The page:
Currently viewing Vol. 4 • Issue 2 • 2017

Message from the Editor-in-Chief

Welcome to issue 2 of 2017. There are a few changes in this issue of Canadian Audiologist. Two of our regular columns have received such wide readership that we have decided to run them as regular feature articles from now on. “Science Matters” and “Striking the Right Balance” will now be feature articles, while still maintaining the up-to-date and clinical relevance that they have become known for.

In their place, I would like to announce the addition of two new regular columns – “From the Labs to the Clinics” by Dr. Robert Harrison and “Grand Central Station" by Dr. Kelly Tremblay.

“From the Labs to the Clinics” is a column whose name says it all – translational research from the research lab that has ramifications for our clinics. Dr. Robert Harrison has been at The Hospital for Sick Children for over 30 years having come from England, via the wine region of southern France.

“Grand Central Station” is a discussion of all things from phenomena deriving from central auditory processing. Dr. Kelly Tremblay may be from the University of Washington in Seattle but her background is Canadian through and through having done her undergraduate up here.

This issue of Canadian Audiologist also celebrates the life of Dr. Don Henderson, arguably one of the most prolific researchers on what we know about the effects of noise exposure – Don was born in Hamilton, Ontario and even played professional football for the BC Lions in the early 1960s.

Another great researcher, and recently retired audiologist, Dr. David B. Hawkins [also known lovingly as dB(H)], writes, in our cover story, what it’s like to be retired and more importantly, he mulls over the things that he did right during his career, and perhaps the things that he wished that he may have done differently.

I first met Curtis Alcock in the snake-infested Outback of Australia (actually it was a convention centre in a very nice town on Australia’s Gold Coast) and he continues the talk that he had given on ways of changing attitudes in hearing health care. Curtis is actually from England and when we were together there during the fall he agreed to write something on this topic for those of us “across the pond.”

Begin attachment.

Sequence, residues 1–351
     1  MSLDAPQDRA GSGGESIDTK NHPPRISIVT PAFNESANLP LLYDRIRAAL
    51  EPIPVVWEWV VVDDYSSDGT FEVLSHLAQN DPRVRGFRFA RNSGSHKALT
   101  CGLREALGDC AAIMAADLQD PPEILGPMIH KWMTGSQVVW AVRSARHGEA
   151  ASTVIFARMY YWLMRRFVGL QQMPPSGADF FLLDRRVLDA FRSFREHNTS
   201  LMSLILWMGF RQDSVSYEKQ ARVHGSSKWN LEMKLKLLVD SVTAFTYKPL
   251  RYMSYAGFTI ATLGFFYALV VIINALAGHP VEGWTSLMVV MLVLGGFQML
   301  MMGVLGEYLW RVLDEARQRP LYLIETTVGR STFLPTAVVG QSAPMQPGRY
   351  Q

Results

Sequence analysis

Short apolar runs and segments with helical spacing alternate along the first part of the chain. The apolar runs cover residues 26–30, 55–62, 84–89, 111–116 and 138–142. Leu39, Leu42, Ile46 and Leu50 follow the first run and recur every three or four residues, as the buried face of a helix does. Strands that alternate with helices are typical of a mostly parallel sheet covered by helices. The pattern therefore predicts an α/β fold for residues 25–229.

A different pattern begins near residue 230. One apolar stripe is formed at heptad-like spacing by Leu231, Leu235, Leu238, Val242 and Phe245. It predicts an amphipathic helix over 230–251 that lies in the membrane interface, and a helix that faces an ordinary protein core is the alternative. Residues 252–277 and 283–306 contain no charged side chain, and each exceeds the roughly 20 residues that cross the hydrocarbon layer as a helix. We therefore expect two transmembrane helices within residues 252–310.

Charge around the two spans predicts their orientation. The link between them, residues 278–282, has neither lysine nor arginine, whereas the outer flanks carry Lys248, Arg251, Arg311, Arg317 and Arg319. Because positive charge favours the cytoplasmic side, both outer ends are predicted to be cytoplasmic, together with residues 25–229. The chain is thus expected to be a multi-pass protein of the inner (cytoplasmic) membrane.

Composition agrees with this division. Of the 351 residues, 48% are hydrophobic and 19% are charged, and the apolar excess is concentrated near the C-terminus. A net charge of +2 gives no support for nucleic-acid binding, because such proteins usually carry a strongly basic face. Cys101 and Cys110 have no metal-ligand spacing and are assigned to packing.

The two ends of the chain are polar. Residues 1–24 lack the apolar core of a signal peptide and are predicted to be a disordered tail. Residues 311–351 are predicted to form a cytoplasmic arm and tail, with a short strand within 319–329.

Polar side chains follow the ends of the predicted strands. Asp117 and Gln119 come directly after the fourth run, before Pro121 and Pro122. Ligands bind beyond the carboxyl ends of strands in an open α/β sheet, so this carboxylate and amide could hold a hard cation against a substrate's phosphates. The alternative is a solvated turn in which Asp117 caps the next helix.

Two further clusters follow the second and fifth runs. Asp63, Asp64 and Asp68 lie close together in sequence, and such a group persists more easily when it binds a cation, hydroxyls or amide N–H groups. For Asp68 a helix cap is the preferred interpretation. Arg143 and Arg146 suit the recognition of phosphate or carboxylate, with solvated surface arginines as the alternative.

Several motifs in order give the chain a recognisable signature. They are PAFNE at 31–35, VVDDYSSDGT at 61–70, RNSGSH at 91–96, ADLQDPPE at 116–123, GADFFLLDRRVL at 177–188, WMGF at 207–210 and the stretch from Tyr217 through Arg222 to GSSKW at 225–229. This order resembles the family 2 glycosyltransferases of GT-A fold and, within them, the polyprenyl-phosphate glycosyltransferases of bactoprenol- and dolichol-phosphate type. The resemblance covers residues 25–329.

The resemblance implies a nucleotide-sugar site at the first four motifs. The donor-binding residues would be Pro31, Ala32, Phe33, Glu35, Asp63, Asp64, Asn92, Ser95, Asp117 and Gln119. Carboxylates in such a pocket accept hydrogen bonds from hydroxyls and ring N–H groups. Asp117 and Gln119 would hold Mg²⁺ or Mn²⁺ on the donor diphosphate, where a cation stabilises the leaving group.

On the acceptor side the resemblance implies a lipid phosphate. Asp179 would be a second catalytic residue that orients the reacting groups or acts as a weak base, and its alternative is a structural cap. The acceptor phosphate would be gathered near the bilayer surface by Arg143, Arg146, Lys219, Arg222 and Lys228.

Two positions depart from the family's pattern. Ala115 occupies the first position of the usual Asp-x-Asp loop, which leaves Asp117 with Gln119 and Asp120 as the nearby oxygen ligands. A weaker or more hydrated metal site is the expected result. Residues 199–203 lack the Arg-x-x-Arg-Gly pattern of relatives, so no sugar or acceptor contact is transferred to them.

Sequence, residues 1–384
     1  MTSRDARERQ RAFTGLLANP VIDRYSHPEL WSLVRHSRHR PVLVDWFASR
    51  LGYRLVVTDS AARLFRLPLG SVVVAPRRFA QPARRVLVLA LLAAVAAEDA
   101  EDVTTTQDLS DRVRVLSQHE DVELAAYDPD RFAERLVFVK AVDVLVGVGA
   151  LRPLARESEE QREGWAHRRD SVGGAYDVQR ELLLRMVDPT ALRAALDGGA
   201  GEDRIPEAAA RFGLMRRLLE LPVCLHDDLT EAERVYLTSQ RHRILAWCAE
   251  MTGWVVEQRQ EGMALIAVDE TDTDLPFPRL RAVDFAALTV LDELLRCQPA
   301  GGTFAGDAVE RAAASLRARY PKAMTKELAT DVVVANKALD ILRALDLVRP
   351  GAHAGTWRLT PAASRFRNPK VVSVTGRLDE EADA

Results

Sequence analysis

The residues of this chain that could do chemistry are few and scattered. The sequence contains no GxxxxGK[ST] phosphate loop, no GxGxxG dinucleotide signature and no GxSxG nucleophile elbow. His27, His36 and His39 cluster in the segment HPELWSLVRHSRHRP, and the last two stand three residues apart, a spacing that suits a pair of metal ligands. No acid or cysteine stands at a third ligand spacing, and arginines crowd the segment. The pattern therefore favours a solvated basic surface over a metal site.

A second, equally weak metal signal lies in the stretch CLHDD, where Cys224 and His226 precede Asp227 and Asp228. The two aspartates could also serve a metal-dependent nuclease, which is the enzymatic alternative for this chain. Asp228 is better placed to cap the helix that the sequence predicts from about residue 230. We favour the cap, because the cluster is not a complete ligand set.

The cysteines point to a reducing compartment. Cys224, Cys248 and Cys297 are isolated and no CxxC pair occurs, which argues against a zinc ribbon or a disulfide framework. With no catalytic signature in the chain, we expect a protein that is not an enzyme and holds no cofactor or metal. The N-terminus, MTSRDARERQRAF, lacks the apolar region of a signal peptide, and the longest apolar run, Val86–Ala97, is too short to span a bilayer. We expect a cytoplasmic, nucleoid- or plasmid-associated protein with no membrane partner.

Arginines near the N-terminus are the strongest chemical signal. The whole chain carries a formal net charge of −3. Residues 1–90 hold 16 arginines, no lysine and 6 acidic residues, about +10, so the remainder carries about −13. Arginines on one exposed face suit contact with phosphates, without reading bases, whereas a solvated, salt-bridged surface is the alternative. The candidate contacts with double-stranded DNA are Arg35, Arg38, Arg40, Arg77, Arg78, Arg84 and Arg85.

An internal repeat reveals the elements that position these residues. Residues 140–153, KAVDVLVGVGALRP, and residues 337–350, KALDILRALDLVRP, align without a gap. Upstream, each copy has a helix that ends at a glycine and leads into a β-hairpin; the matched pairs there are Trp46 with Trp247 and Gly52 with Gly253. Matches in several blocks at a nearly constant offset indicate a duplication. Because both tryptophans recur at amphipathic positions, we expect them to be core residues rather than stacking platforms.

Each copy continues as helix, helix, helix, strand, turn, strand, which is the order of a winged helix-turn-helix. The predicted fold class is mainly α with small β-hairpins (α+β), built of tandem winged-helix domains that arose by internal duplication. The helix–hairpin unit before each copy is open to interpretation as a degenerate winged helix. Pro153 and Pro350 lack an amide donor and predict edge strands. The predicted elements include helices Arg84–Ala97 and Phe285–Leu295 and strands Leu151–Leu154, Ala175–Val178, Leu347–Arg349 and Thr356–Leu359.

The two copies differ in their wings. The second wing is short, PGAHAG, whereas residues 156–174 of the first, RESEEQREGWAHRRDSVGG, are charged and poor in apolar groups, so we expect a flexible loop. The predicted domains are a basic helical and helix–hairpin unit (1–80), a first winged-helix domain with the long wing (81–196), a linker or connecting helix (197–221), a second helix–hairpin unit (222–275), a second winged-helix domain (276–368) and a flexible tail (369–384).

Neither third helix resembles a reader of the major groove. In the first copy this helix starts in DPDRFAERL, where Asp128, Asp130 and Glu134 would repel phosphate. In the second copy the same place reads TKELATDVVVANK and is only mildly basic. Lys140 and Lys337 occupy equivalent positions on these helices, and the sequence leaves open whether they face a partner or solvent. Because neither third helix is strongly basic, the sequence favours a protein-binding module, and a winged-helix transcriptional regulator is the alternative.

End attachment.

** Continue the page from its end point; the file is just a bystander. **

And Dr. James Jerger has come out with his autobiography, published by Plural Publishing Group. He tells of things that we can all relate to such as walking down to the basement and having Dr. Raymond Carhart offer us an assistantship in hearing aid evaluations. If I had a nickel for every time that has happened to me, well...

I hope you all had a pleasant winter and now we look forward to the thaw and spring flowers (except for our east coast colleagues who seem to have winter ice storms until May).


Important Message from CAA

Read the New CAA Blog!

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CAA has started a national conversation about all-things-audiology! Members are invited to join the conversation by reading and submitting contributions.

We have some great recurring features lined up. Be sure your membership is up to date to have access to the blog content.

Read our first two open access blogs here:
A New Year, a Time for New Career Resolutions
These are a few of my favourite sounds!

About the Editor in Chief
Marshall Chasin, AuD

Marshall Chasin, AuD, Doctor of Audiology, Editor in Chief

Marshall is the director of research at the Musicians' Clinics of Canada and has presented and published extensively on the topics of hearing loss prevention in musicians and hearing aids for music.

Other than being the editor in chief of Canadian Audiologist, Marshall Chasin writes a regular column in the Hearing Review called Back to Basics. Some of these columns are reprinted in this issue of Canadian Audiologist with permission of the Hearing Review.